Engine knock has long been one of the major obstacles for improving thermal efficiency of spark-ignition (SI) engines. An in-depth understanding of the engine knock mechanism and characteristics is vital for controlling knocking combustion. Experimental investigation of knock events is challenging given their stochastic nature. We employ a single-cylinder research engine equipped with a specialized metal liner with four circumferentially mounted spark plugs to generate multiple ignition sites, and achieve more controlled knock events. Six pressure transducers are mounted to collect the pressure signals from different locations of the cylinder. A series of spark strategies (e.g., spark number, location and timing) are applied to investigate the knock characteristics of different spark ignition strategies. The effects of compression ratio and fuel octane number are also explored. The experimental results show that the knock intensity first increases as the number of active sparks goes from one to three and decreases significantly with four spark ignition, and even below the double spark ignition in some cases. This is due to the trade-off between the mass fraction and temperature of end-gas: nearly 90% of the fuel energy is consumed at knock onset in the four spark ignition cases, and only a small proportion of energy is consumed by auto-ignition, thus limiting the knock intensity. Compared with the single spark case, multiple spark ignition generates higher power output and lower cycle-to-cycle variations. The knock suppressing effect of the four spark ignition strategy is enhanced by higher fuel octane number and lower compression ratio. This study provides a possible way to generate controllable knock and gives insights into the different knock mechanisms under multiple spark ignition conditions.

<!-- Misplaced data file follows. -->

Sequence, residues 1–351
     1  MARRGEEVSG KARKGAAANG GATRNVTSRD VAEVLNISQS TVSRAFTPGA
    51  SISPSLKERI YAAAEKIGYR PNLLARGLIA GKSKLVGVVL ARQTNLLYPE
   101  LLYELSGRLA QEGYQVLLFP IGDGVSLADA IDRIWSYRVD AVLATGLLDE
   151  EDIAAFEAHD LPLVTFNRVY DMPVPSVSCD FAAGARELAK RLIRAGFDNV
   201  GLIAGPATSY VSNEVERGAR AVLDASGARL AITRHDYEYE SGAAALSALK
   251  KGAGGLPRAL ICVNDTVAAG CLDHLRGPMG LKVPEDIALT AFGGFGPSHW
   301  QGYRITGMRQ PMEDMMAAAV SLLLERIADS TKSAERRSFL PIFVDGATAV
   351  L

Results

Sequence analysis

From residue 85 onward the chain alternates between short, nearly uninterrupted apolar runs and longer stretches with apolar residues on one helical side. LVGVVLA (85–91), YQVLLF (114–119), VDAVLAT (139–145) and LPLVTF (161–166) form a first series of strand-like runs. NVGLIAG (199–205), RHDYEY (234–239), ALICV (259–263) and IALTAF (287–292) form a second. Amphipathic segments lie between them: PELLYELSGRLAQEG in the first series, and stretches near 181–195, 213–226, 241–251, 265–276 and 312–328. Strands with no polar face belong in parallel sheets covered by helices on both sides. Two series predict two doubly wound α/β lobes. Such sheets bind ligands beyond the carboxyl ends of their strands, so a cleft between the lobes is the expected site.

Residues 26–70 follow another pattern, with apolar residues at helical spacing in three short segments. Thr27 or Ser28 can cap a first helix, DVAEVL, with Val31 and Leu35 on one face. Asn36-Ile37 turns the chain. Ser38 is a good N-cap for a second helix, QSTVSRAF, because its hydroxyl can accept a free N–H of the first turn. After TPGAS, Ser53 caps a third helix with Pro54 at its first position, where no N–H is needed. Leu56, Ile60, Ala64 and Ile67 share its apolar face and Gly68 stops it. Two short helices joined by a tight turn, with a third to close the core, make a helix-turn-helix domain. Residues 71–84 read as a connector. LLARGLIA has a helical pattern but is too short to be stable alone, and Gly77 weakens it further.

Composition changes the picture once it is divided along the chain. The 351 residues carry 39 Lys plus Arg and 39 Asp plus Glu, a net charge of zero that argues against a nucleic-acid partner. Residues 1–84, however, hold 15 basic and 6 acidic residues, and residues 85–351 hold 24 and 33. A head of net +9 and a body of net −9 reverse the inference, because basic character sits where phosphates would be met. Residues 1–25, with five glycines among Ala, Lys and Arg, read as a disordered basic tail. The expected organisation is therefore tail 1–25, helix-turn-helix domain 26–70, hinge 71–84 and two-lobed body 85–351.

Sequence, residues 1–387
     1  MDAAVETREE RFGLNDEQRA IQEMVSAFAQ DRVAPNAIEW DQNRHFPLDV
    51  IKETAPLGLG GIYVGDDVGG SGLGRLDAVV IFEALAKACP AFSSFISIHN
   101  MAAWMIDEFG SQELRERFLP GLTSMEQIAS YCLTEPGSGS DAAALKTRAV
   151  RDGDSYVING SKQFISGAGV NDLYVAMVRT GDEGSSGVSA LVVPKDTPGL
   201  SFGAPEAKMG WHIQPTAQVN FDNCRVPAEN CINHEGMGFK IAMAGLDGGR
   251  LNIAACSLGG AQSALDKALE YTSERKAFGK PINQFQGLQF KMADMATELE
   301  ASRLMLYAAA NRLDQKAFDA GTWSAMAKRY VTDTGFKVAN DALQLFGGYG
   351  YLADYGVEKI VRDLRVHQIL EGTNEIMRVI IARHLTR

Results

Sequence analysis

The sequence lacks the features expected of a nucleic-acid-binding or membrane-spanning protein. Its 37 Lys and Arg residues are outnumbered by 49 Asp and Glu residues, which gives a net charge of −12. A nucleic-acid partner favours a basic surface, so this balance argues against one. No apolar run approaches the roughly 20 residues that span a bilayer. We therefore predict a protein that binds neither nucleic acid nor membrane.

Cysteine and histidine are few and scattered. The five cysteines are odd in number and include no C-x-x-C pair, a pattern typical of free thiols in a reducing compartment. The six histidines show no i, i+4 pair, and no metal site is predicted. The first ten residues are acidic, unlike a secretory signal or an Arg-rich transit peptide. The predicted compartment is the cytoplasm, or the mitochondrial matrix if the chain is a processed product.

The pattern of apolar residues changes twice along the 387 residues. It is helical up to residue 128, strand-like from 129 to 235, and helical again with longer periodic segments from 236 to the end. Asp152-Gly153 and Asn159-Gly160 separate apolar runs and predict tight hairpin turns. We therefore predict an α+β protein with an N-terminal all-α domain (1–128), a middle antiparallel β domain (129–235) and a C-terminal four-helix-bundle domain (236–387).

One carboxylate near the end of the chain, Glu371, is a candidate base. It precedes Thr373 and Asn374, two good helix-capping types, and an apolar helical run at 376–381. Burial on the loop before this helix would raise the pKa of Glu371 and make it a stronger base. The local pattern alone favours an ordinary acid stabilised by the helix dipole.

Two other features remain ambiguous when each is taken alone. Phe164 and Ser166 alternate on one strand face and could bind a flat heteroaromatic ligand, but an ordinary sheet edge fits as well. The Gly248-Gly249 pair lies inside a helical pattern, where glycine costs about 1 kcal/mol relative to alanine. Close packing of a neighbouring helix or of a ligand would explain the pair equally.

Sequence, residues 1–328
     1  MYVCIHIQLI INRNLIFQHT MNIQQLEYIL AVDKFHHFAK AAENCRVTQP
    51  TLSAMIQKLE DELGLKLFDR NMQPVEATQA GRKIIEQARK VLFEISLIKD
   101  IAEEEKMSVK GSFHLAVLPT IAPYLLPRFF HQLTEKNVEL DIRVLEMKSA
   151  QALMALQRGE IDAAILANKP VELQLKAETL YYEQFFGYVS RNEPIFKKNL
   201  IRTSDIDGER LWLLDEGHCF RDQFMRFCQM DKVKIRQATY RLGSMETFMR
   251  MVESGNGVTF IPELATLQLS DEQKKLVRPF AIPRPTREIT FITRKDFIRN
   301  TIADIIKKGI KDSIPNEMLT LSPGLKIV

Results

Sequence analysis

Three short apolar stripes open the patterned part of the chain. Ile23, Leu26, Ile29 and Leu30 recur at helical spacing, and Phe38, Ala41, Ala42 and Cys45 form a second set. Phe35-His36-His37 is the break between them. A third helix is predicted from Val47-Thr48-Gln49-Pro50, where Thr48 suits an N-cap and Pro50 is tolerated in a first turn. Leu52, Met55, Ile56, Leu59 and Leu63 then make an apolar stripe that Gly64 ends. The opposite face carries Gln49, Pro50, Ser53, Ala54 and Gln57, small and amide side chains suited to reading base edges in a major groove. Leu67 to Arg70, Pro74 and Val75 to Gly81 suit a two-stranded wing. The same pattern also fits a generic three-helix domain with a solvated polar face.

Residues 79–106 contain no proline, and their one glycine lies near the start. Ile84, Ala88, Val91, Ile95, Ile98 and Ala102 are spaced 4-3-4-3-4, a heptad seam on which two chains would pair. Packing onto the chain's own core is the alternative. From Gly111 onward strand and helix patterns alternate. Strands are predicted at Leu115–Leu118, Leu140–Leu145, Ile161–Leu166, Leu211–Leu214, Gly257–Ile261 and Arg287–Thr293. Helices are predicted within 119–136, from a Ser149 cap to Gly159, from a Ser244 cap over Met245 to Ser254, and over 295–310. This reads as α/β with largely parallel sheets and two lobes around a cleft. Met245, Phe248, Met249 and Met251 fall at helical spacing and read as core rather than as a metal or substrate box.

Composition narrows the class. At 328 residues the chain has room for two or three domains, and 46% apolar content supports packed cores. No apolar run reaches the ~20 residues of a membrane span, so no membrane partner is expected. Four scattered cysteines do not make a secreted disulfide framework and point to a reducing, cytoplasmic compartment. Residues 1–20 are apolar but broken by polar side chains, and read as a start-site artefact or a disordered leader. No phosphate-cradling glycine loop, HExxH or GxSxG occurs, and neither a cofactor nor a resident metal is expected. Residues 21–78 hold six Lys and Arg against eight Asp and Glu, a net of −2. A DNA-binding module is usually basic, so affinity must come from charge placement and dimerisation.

ASJC Scopus subject areas
- Energy Engineering and Power Technology
- Organic Chemistry
- Chemical Engineering(all)
- Fuel Technology